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Discussion Starter · #1 · (Edited)
Touring build---- using alum MTB - advice requested

Okay, after much debate and an even more drastic cut in funds I've decided to sell the '84 Trek Sport Tourer and build up the Alum Trek rigid MTB as touring/all-around bike (when not using single speed).
Rationale-
Most of my touring has been and most likely will continue to be offroad. If I do a road tour I can always throw some gears back on the SS which is a sport tourer too.
I've been yearning to ride in the woods, not on the MUT (but not enough to have a dedicated MTB, oh the horror).

The bike. I picked this bike up for free at a yard sale and only needed to get a front wheel to get it running. My nephew was riding it but he outgrew it and gave it back. (We picked up a SS MTB for him).

I've been reading the advice on the forums and based on what I've read these are the thoughts I have on build-up. ADVISE ME PLEASE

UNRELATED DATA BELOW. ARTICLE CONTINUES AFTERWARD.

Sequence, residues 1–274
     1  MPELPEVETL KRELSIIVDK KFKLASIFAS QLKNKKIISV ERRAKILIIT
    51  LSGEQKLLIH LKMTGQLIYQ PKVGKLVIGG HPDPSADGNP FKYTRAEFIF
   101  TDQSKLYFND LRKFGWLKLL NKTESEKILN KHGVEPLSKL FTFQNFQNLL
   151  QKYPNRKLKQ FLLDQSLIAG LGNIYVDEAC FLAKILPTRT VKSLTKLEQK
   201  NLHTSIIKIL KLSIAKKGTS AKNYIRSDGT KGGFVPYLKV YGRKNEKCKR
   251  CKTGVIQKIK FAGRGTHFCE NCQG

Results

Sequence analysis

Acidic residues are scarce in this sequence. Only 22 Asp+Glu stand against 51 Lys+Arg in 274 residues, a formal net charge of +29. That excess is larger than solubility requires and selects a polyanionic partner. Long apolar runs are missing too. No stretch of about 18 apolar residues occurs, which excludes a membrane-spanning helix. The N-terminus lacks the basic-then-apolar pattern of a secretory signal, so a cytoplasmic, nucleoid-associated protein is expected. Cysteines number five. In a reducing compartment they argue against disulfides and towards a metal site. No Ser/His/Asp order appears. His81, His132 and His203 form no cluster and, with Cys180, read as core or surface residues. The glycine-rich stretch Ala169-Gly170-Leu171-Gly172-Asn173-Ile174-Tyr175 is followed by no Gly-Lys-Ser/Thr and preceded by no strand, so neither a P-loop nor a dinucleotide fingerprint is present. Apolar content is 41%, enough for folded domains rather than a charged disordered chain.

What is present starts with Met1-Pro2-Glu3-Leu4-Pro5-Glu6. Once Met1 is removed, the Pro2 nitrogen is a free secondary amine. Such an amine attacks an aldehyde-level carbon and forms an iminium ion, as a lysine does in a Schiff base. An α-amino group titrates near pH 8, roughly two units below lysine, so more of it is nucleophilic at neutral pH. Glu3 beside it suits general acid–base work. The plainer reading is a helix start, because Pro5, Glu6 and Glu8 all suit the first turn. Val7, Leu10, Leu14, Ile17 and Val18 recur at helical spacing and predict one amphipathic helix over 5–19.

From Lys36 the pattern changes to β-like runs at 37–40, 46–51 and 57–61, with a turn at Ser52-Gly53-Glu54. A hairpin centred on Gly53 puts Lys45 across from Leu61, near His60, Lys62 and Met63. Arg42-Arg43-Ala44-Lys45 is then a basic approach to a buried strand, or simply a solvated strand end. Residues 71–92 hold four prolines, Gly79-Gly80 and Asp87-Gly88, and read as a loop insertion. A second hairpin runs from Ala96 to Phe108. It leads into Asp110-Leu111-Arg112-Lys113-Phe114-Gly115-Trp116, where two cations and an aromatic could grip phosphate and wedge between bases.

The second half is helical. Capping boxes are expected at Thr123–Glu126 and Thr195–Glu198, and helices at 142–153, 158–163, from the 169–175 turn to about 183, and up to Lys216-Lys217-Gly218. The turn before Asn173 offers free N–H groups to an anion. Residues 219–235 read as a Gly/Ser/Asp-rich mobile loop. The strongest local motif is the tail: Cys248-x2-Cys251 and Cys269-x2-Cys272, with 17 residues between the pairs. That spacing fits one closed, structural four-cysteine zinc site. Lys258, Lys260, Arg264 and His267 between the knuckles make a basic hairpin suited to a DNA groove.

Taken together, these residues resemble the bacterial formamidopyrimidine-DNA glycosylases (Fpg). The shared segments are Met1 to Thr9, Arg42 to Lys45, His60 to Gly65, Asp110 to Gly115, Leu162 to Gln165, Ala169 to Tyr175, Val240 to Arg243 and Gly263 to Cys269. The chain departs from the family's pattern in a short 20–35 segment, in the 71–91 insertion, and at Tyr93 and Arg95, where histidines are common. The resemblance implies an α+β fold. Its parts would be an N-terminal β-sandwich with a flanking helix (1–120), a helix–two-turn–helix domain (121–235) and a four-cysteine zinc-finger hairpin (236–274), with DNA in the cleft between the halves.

• Dirt drops/mustache bars (I have pretty verticle stem which seems to be good for dirt drops I have bell lap bars in shed)
  • thumbies or rapid fire shifters (???)
  • Cantis- I have v-brakes but can't see how the levers would work on drops
  • fenders- seems to be plenty of clearance
  • racks and BOB I have
)
 

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What kind of components does it have on it?

I would put drop bars on it and some cheap brifters if possible. Bar ends are a cheap option and I know someone that has some for cheap if the number of gears are right.
 

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Discussion Starter · #4 ·
Will brifters work with V- brakes?
I thought about bar-ends but I've never used them, will they work with the flare of the dirt drop style bars?
Components are low end shimano, I have another bike the the shed I might scrape some parts off, that's where I was going to get the cantis.
 

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zeytin said:
Will brifters work with V- brakes?
I thought about bar-ends but I've never used them, will they work with the flare of the dirt drop style bars?